Jerome K. Jerome (Jerome Klapka Jerome) Biography
(1859–1927), (Jerome Klapka Jerome), On Stage and Off, The Idle Thoughts of an Idle Fellow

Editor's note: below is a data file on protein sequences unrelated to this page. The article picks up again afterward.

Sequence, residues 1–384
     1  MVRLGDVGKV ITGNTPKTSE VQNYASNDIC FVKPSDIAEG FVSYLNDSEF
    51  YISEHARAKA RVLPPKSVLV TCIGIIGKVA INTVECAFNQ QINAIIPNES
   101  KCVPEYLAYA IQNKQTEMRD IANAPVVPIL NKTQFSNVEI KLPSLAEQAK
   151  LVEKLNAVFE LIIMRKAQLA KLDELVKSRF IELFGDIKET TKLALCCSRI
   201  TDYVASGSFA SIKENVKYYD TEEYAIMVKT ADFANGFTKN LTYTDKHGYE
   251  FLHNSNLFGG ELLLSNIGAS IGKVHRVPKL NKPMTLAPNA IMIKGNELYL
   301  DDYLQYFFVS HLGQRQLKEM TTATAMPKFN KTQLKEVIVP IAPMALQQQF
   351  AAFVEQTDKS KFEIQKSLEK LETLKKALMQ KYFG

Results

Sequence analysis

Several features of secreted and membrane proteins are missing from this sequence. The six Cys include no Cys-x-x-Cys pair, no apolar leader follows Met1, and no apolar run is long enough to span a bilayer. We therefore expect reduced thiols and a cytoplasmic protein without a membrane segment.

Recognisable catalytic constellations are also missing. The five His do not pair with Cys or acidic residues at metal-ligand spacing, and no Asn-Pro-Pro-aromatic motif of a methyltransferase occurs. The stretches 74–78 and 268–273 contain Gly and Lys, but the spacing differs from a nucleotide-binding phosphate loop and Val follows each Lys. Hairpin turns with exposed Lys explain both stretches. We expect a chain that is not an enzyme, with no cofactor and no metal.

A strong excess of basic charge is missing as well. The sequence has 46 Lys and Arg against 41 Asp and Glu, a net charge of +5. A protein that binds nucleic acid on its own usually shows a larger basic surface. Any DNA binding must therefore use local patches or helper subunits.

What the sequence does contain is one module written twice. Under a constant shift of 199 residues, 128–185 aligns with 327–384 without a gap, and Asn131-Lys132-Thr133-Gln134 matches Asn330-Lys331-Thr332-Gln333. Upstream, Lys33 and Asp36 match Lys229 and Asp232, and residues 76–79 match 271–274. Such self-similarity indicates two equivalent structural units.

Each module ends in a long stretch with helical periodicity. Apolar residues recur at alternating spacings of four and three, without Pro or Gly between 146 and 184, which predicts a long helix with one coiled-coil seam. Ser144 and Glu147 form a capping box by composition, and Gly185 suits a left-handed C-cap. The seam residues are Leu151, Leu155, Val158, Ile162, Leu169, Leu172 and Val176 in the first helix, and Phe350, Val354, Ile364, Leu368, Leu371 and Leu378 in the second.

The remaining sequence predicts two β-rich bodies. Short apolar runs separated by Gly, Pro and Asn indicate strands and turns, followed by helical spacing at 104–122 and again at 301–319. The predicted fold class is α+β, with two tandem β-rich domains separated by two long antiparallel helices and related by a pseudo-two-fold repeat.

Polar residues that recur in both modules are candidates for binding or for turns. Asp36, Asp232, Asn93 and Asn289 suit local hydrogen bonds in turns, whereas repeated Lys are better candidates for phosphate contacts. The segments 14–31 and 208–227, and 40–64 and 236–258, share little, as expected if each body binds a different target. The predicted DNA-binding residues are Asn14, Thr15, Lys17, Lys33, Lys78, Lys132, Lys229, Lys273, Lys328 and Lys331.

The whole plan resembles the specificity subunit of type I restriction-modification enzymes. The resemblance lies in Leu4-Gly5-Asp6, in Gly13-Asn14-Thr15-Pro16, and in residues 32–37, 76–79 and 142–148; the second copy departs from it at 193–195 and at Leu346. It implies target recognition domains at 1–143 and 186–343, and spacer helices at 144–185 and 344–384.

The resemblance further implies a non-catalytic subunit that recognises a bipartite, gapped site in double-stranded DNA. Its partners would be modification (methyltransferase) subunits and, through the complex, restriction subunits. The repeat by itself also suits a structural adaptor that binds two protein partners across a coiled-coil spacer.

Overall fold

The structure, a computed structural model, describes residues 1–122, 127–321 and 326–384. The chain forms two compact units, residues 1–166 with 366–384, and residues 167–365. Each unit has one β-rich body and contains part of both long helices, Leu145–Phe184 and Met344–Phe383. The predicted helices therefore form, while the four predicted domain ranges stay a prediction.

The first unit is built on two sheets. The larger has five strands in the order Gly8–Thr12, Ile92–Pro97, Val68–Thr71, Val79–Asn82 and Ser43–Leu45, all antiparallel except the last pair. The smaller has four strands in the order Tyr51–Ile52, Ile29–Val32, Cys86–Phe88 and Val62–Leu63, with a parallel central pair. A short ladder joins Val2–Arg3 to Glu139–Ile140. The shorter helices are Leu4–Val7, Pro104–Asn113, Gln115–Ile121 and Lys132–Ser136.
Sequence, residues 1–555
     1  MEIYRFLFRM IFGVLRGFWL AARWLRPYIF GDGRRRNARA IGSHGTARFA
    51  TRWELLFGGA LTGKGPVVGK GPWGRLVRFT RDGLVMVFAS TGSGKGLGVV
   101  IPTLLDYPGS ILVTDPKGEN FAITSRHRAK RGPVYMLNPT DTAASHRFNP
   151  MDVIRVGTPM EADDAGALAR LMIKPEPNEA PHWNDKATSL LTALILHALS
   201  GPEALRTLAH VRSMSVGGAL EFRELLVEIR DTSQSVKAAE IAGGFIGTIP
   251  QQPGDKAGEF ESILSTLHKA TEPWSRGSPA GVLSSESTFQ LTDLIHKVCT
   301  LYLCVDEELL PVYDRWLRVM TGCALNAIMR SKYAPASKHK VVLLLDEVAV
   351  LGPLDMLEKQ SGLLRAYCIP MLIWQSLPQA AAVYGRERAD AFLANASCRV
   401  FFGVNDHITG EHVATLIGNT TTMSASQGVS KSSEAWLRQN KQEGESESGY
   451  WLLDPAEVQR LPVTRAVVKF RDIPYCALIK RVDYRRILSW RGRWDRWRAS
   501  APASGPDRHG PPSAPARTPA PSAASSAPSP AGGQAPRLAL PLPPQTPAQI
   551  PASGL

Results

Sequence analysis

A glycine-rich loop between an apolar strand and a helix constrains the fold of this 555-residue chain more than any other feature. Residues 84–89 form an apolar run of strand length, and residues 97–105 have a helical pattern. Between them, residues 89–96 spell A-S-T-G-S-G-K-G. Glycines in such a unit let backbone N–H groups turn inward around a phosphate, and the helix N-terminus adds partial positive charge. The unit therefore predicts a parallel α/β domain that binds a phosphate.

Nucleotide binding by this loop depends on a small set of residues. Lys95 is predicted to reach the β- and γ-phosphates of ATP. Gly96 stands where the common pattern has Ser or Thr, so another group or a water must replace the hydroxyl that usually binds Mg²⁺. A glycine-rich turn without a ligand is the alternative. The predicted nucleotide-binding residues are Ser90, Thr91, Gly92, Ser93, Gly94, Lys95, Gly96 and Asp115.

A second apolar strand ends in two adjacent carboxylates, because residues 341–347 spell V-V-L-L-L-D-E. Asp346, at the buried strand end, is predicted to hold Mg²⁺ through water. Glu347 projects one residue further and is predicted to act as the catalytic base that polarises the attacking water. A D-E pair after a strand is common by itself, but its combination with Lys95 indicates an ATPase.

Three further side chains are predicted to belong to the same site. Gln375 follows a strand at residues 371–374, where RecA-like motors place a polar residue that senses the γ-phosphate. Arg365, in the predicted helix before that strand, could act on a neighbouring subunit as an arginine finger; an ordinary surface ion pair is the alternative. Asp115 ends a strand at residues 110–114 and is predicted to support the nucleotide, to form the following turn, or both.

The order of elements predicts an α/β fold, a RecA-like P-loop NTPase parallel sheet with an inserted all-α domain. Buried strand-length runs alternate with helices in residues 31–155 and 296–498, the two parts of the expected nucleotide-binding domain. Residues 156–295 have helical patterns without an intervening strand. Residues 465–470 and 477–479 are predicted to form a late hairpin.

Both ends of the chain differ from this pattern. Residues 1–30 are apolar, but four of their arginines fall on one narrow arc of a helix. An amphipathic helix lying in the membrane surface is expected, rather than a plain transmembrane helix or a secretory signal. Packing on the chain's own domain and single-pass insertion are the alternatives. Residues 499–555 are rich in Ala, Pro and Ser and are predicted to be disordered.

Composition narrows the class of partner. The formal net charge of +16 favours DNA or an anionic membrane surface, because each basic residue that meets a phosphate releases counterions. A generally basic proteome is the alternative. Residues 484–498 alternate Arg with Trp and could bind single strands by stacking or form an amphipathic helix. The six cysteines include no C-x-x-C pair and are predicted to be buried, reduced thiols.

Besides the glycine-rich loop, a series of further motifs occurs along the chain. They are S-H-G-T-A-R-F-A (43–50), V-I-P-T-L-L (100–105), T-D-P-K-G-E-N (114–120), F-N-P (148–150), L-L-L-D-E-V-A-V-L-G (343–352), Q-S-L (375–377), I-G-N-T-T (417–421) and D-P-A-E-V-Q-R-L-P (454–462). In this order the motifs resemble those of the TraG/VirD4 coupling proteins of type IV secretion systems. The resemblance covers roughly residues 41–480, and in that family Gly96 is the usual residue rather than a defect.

British writer, born in Walsall, educated at Marylebone Grammar School, leaving at 14 to become a railway clerk. Later he worked as a schoolmaster, actor, and journalist. On Stage and Off (1884) and The Idle Thoughts of an Idle Fellow (1886) were both collections of humorous essays. Three Men in a Boat (1889), about a trio of young men and their dog on a boating holiday on the Thames, was immediately successful; Three Men on the Bummel (1900) recounted a tour of Germany with the same characters. Paul Klever (1902) was an autobiographical novel. My Life and Times was published in 1926. Of his many plays his best-known is The Passing of the Third Floor Back (1907). He co-founded the humorous magazine The Idler in 1892, which published the work of several leading comic writers. Jerome's work is predominantly comic, in the tradition of ‘the English clerk at play’, but there is a sombre side that surfaces frequently, even in his funniest books: of the many reflective passages in Three Men in a Boat, some are genuinely tragic in feeling (e.g. the woman suicide), and in Three Men on the Bummel Jerome's judgements on the German character have an ironic thrust seen against nineteenth- and twentieth-century history. In this respect he resembles the later Mark Twain, though his view of human nature is more optimistic.